The good news is that the infections were blocked and the number of infection attempts is going down.
For instance, this map of the past week shows that the amount of infection attempts/detections as decreasing. Of course, computers with no or old protection are still in danger of possible unspotted infections.
So, how to check if you are infected with DNSChanger?
The DNS Changer Working Group provides helpful information on their website – unfortunately, we previously mentioned that automatic websites setup for this purpose do not work 100% well. So, the manual solution of checking the DNS server IPs is better.
If you are infected, you can change your DNS entries to the free DNS-Servers from Google: 18.104.22.168 and 22.214.171.124. OpenDNS also offers two: 126.96.36.199 and 188.8.131.52, which we also recommend for additional security features.
The best solution is of course to install a security suite capable of detecting and cleaning the infection and fixing the DNS servers.
Since many DNSChanger infections are accompanied by TDSS, a rather nasty rootkit, you can also use our tool “Kaspersky TDSSKiller” in order to detect and delete the infection
Yesterday we were contacted by our partner MegaFon, one of the major mobile carriers in Russia. They notified us about a suspicious application, which was found in both the Apple App Store and Google Play. At first glance, this seemed to be an SMS worm spread via sending short messages to all contacts stored in the phone book with the URL to itself.
However, our analysis of the iOS and Android versions of the same application showed that it’s not an SMS worm but a Trojan that uploads a user’s phonebook to remote server. The 'replication' part is done by the server - SMS spam messages with the URL to the application are being sent from the remote server to all the contacts in the user’s address book.
The application is called ‘Find and Call’ and can be found in both the iOS Apple App Store and Android’s Google Play. We’ve already informed both Apple and Google but we haven’t received an answer yet.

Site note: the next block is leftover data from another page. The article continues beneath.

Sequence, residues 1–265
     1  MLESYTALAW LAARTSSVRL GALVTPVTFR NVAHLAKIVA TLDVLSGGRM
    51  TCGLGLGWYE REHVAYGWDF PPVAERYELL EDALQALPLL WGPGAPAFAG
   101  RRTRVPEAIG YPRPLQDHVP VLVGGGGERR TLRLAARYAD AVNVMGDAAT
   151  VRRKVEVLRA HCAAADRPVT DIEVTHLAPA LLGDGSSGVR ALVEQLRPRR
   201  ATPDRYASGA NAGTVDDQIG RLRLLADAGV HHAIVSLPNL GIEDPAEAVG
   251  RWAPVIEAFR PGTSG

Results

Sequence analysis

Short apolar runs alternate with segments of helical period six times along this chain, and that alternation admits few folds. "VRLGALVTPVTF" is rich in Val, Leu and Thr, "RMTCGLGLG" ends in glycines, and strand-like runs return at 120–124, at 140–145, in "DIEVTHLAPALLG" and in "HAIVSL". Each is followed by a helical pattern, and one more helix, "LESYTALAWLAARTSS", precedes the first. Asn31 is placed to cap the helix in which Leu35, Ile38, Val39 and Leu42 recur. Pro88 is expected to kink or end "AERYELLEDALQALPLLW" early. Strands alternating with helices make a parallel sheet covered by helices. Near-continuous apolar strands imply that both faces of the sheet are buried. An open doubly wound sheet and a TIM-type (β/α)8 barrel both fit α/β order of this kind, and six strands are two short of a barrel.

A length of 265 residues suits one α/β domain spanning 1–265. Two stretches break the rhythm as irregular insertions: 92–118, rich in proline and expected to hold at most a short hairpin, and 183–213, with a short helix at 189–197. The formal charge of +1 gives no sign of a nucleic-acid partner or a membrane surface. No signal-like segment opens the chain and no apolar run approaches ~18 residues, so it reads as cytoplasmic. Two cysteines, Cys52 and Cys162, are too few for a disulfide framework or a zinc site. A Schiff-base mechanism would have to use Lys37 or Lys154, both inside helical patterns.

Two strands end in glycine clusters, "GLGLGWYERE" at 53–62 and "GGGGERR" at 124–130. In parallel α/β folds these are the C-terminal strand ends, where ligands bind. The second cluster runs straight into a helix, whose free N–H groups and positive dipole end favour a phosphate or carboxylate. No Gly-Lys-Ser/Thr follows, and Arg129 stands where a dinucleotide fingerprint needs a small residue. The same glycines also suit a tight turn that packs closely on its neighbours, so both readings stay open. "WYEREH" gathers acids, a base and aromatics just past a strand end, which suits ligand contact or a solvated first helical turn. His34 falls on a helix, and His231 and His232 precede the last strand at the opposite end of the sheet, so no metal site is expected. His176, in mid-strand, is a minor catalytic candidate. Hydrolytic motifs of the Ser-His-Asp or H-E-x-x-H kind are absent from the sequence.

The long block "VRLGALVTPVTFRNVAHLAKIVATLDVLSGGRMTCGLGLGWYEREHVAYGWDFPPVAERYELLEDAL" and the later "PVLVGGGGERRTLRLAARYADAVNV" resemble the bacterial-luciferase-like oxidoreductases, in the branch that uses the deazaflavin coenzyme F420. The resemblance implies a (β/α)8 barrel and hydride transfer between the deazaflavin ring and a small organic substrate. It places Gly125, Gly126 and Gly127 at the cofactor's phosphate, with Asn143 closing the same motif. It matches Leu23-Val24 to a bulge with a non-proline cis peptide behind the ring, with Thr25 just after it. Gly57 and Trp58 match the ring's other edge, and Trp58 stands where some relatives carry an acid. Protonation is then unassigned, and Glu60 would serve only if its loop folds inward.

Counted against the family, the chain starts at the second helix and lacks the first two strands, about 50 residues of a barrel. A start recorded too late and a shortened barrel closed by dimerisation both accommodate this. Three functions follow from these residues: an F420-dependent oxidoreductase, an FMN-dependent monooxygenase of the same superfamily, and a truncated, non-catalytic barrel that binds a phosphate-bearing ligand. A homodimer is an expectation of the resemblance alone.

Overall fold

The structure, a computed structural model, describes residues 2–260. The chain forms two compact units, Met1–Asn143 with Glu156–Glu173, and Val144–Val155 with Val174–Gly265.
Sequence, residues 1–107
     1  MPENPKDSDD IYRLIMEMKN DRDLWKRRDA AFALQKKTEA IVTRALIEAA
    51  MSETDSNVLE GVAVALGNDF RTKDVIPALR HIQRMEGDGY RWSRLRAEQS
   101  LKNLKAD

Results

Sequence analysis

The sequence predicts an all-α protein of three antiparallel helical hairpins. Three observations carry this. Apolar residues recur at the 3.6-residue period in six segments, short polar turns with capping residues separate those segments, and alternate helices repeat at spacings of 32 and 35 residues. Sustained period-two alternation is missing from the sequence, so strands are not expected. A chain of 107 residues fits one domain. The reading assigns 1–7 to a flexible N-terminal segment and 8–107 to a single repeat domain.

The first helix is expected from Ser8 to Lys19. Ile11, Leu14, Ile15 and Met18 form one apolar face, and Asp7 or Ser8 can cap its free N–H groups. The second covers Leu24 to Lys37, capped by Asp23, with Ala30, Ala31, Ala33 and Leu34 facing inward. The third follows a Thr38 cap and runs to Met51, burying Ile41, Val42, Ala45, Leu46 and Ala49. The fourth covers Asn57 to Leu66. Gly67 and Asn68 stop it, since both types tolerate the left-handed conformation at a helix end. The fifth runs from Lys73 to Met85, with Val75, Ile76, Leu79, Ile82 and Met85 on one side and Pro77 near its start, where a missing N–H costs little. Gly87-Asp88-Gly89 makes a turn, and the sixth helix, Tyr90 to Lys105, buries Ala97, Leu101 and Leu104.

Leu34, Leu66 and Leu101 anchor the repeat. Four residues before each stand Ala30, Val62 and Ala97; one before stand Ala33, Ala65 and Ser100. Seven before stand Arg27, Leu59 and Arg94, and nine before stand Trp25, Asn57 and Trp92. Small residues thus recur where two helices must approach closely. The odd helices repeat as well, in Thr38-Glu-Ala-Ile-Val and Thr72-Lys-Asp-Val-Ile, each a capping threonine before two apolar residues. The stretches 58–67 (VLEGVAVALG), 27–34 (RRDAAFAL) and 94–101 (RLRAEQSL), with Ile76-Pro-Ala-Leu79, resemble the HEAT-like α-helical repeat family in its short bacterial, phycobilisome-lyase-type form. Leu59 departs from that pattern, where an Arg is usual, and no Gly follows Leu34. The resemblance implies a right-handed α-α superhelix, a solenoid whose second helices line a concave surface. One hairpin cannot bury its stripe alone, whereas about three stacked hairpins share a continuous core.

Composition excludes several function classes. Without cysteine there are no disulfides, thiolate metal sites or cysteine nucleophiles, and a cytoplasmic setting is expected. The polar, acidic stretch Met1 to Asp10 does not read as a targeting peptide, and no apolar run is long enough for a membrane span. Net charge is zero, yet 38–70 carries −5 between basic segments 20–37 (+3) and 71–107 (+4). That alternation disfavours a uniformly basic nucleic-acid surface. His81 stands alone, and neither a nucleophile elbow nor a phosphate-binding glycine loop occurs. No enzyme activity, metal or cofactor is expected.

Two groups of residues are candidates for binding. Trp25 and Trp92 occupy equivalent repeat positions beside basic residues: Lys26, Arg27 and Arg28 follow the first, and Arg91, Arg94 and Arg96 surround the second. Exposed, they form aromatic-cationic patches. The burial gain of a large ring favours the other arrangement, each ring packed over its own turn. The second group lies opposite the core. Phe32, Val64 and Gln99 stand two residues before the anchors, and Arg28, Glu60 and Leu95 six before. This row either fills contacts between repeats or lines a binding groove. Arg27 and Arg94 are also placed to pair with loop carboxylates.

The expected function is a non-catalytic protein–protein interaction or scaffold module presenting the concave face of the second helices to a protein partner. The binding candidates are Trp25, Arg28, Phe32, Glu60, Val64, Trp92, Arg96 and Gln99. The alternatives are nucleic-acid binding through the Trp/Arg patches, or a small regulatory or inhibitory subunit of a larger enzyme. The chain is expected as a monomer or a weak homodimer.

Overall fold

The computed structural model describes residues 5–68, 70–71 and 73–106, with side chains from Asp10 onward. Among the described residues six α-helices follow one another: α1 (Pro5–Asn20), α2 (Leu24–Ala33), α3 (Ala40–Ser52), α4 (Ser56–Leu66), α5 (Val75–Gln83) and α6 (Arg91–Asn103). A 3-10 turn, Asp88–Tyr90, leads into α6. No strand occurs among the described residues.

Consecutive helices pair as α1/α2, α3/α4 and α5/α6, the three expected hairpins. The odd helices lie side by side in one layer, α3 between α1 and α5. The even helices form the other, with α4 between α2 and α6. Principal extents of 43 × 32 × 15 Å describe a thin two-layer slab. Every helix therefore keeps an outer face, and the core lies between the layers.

Find and Call in the Apple Store
Find and Call in the Google Play
All user comments (both in Apple Store and Google Play) are pretty angry and contain the same complaint that the app sends SMS spam:
You may wonder why is this relevant? Well, on 6th of July, his holiness will be 77 years old, a kind of round number. There is no surprise that “Dalai Lama Birthday” attacks are already ongoing.
On July 3rd, we’ve noticed a new APT campaign entitled “Dalai Lama’s birthday on July 6 to be low-key affair”:
Browsing is a risky activity from a security point of view. The good old times when we could identify a bunch of suspicious sites and avoid them are gone forever. Massive infections of websites are common nowadays, blindly infecting as many sites as possible. Once these sites are compromised, the access is usually sold to cybercriminals. At this point the site hosts malware or redirects victims to some exploit kit.
We have seen this hundreds of times, for example the recent example such as the distribution of Flashfake through compromised Wordpress blogs.
Thanks to KSN we have nice stats of the sites browsed by our customers and detected as malicious. And thanks to KIS/KAV protection, users can happily continue browsing without further inconvenience.
I have been analyzing compromised sites with ES TLD during the last month, wondering what the most dangerous sites for Spanish users are. These are the top 5 verdicts: